My Inbox runneth empty, so it's time to get the conversation going again. Let's begin with everybody's favorite topic:What's going on with the Prince Fielder negotiations? -- Ricky P., West Allis, Wis.
There are probably five men who really know the answer to that question: Brewers general manager Doug Melvin, assistant GM Gord Ash, principal owner Mark Attanasio, Fielder's agent, Scott Boras, and Fielder himself. Melvin has done his absolute best to ensure that these talks happen behind closed doors and stay there.
"It doesn't do anyone any good to do this out in the open," Melvin said at the start of Spring Training camp. "If we have something to tell you, then we will tell you. I am not going to be able to answer questions about it every day."
So instead of asking him those questions again on Tuesday while rain delayed the Brewers-Cubs game, I asked Melvin about his philosophy in these negotiations. How are the current talks with Boras on Fielder, for example, different from Melvin's talks with Boras on Alex Rodriguez 10 years ago, when Melvin was the Rangers' GM and Rodriguez was the game's most eligible free agent?
"The big difference is that you're talking about a free agent versus a player on your roster," said Melvin. "It's very sensitive when you are talking about a player already under contract.
"For example, would you be happy if you read that MLB.com was talking to one of your colleagues about a bigger salary? No. It's the same with other players on our roster; if they see us talking about Prince they may say, 'What about me?' And we may be doing that, we may be talking with other players. So that's why we won't talk about it.
"The other thing is that this is something I get up every morning and talk about. We can go days or weeks without bringing it up. There's no timetable. And we also have a lot of other things going on right now because we're getting ready for the season. We're getting ready for the Draft and setting up our scouts and making Minor League assignments and figuring out the Major League roster. There are a lot of other day-to-day activities to think about.
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"With [Fielder], you may do it or you may not. There's no sense of urgency because he's not going anywhere. So we will do things in our own time."
To review, Fielder is entering the second season of a two-year contract and is arbitration-eligible for 2011 before reaching free agency. Melvin and Ash met with Boras on March 3 to begin talks, and they are interested in gauging Fielder's openness to an extension so the club can plan in the event that he tests the free-agent waters.
You can read my first in-depth look at the Fielder situation here, Fielder's first in-depth comments on the subject here, and Attanasio's take here.
When reading a past article on Alcides Escobar, I saw that during an interview he was speaking through a translator. How will infield meetings in the middle of innings work if he isn't fluent in English? -- Marcus W., Hartford, Wis.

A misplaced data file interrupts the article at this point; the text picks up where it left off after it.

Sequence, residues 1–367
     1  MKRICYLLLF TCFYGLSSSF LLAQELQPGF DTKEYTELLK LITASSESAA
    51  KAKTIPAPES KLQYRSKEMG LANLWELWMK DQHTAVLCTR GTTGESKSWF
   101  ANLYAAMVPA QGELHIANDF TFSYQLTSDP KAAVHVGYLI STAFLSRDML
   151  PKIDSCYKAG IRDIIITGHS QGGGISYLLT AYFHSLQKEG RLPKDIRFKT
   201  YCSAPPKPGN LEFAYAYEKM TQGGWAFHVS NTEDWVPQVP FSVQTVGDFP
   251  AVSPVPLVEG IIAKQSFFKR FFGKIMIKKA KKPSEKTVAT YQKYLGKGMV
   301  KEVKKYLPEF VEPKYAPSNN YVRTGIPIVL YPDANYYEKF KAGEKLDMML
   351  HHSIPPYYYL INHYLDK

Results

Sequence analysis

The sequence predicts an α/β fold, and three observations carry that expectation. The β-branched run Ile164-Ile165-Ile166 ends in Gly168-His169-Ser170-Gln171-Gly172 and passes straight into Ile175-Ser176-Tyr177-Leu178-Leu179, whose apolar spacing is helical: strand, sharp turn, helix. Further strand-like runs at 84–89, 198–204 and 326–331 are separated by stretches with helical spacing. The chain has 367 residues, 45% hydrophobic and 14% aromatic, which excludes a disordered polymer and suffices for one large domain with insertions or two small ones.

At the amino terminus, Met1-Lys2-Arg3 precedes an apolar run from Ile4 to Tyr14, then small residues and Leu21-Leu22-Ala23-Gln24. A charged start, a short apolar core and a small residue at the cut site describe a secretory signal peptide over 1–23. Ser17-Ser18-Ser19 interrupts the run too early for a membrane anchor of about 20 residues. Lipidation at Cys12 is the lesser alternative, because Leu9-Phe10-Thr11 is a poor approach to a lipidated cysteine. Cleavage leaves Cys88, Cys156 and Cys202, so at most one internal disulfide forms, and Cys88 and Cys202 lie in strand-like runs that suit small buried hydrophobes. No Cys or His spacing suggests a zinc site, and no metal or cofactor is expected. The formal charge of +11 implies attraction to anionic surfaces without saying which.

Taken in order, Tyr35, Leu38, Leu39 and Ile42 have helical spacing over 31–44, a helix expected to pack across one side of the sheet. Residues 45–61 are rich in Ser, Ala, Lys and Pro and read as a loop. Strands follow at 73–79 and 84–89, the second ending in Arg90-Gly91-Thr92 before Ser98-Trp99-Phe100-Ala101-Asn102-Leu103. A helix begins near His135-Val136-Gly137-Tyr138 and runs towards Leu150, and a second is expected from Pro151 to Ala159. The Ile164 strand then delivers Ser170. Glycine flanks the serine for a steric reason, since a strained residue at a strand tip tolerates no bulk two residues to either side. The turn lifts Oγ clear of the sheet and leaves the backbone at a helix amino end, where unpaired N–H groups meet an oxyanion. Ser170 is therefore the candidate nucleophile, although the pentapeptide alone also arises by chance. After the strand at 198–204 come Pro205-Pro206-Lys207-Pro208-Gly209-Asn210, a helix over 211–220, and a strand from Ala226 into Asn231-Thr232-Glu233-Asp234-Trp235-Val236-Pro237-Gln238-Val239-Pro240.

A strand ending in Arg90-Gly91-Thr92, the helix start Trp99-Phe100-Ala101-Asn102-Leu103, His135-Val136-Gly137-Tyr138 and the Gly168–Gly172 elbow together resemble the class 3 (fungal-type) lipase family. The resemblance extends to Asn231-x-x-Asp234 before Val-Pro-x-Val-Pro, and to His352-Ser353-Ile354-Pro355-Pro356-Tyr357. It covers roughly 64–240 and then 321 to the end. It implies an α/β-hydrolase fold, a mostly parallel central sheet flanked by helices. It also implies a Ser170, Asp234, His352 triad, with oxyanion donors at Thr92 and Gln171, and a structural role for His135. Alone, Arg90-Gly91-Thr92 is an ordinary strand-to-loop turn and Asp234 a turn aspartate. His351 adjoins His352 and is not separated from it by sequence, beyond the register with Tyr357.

Escobar speaks English and has worked hard at it over the few years I have known him. Since this story was our first opportunity to learn a bit about Escobar's background, I asked whether he would mind doing it through a translator so we could go a bit more in-depth. Thanks to Alex Sanchez -- no relation to the former Brewer -- for the help with that story. I think you'll see him soon on FS Wisconsin for a similar piece.
I have not heard any recent news on Geoff Jenkins. After having a paid year off from the Phillies, it seems he fell off the Earth. Is he pursuing a return to the bigs? He is still young enough to have some more good years in him. If he doesn't return as a player, do you see the Brewers giving him a job if he so desires? -- Kevin P., Galesburg, Ill.
Jenkins, 35, lives in the Phoenix area, and I heard that he dropped by Maryvale Baseball Park during the team's fantasy camp last month. He told people then that he was still looking for an invitation to a big league camp and a chance to make a team, but apparently that chance never came. As for a coaching career, I'm sure Jenkins would want to exhaust every playing opportunity before moving in that direction.
Could you give me an update on Jeremy Jeffress? How many games remain on his suspension from last year? Is he still any part of the Brewers' future at all? What are the plans for him when he is eligible to pitch again? Also, I cannot quite remember, were the failed tests for recreational drugs or performance-enhancing drugs? -- Matt D., Richfield, Minn.
Jeffress, a right-handed pitching prospect and Milwaukee's first pick in the 2006 First-Year Player Draft, has actually failed three tests under the Minor League Drug Prevention and Treatment Program, all for a "drug of abuse." He was issued a warning for the first positive test, a 50-game suspension for the second and a 100-game suspension for the third. If I counted correctly last year when the ban was handed down, Jeffress will miss his affiliate's first 34 games in 2010.
Whether he is a part of the Brewers' long-term plans will become much clearer in the coming months. On one hand, he is only 22 years old and has a very live arm. On the other hand, he'll have to be added to the 40-man roster after the season or be exposed to the Rule 5 Draft. The Brewers are not going to spend the roster spot unless they are convinced that Jeffress is committed to baseball.
Adam McCalvy is a reporter for MLB.com. This story was not subject to the approval of Major League Baseball or its clubs.